What to say (and do) to support someone who is grieving?

What to say (and do) to support someone who is grieving?

The grieving process is a very personal journey. However, certain universal phrases can help others get better. Explanations from Amélie Boukhobza, psychologist.

Comforting a grieving loved one is not easy. Knowing what to say and what to do to support him can even be very confusing. So to avoid making any more missteps, Amélie Boukhobza, psychologist, shares with us some practical and empathetic advice.

Be present and listen

My first advice is to offer a space to others, where they can share their feelings, their emotions, without judgment. No need for big speeches! In mourning, the silent and attentive presence is often more comforting than trying to find the right words.“, confides Amélie Boukhobza.

Do not minimize the pain of others

Even if the primary intention is to comfort the other, we must at all costs avoid ready-made and often very clumsy phrases like “He/She is in a better place now” or “Time heals all wounds”. These sentences can suggest that we are minimizing the pain of the other.”warns the psychologist.

Do not hesitate to talk about the deceased

Why not tell positive stories about the deceased? Always, of course, in a positive setting/good memories. I also advocate encouraging the mourner to share their own happy moments with the deceased, to help transform grief into a tribute to life“, explains the expert.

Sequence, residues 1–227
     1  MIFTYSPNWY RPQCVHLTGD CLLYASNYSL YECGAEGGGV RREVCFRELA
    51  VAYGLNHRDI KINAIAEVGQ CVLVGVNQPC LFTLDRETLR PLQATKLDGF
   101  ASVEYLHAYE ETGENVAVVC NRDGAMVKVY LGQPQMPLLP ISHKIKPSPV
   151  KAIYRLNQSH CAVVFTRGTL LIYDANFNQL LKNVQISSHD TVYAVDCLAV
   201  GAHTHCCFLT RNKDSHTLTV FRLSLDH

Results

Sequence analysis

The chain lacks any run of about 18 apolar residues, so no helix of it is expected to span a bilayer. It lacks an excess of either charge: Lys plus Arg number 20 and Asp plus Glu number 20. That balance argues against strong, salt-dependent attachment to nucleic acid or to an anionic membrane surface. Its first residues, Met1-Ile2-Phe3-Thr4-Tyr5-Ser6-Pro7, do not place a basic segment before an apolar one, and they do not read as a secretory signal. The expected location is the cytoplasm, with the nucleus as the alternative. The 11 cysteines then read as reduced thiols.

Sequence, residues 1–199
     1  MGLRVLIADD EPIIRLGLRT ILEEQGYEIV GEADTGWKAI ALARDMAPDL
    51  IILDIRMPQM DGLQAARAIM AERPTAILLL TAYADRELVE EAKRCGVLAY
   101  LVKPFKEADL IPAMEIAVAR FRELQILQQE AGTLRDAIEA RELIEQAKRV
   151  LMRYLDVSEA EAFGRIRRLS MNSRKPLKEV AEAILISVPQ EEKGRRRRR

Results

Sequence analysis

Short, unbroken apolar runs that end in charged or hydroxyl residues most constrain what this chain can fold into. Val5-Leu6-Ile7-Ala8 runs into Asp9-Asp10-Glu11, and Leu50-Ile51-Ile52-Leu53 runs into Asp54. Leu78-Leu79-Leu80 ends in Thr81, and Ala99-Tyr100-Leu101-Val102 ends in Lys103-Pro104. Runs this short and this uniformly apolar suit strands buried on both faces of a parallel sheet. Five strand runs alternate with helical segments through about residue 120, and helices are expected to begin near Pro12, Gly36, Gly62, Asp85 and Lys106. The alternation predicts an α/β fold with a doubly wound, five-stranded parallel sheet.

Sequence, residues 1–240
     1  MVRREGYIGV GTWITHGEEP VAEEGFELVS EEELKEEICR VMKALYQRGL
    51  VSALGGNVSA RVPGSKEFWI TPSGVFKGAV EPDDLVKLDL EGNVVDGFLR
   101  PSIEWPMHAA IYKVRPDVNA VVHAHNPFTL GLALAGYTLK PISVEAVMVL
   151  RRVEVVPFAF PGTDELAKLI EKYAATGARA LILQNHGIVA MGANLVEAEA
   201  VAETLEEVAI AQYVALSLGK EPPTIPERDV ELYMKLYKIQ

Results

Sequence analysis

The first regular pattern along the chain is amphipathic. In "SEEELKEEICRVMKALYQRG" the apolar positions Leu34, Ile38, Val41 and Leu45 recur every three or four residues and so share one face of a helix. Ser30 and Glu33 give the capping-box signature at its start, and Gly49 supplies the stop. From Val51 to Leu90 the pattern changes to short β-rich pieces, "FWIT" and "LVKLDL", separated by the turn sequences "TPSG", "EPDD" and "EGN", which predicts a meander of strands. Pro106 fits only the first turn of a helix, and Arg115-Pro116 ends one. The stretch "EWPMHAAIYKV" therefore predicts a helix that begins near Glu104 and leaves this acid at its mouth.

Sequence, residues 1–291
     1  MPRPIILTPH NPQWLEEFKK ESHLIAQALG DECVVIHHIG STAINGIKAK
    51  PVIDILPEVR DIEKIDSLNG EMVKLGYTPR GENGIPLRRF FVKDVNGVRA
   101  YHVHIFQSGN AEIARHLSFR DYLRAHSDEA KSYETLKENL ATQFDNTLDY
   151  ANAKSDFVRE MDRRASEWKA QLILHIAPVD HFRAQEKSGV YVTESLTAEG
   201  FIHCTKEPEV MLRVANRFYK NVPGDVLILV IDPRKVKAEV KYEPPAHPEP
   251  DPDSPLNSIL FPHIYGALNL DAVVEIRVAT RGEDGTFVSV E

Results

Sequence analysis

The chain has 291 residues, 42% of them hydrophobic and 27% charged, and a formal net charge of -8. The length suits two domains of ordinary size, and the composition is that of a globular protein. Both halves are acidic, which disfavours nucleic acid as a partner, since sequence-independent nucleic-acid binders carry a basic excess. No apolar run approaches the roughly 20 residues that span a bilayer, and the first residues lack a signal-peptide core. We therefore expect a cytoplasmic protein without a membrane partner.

Normalize the different emotions linked to grief

Normalizing emotions, such as anger, confusion, or even relief is essential. Every emotion is an integral part of the grieving process and deserves to be recognized“, recalls Amélie Boukhobza.

Respect the time and stages necessary for mourning

Respecting this tempo is important, because each person experiences grief differently. Some need solitude, while others seek companionship. It is therefore appropriate to respect the needs and psychological temporality of each person, without ever rushing or getting ahead of themselves. However, we don’t live with ghosts, and one day we will have to return to life and celebrate it again. Also be careful that the person does not sink into real depression.”says the psychologist.

Offer practical help

The idea here? Go shopping, prepare small meals, take care of some household chores to relieve the other person and bring them a little comfort“, reveals the specialist.

Make small gestures

Small touches like a message or a phone call can make a big difference. It’s about showing here that we are there, even from a distance“, explains Amélie Boukhobza.

Encourage the creation of small personal or family rituals

These rituals, personal or family, are essential to honor the memory of the deceased. It is thus possible to light a candle or even visit a place dear to the missing person…“, comments the expert.

Consider outside help

Finally, if the person is struggling to move forward despite the passage of time, they must be encouraged to seek support and/or professional support which could be beneficial to them.“, concludes the psychologist.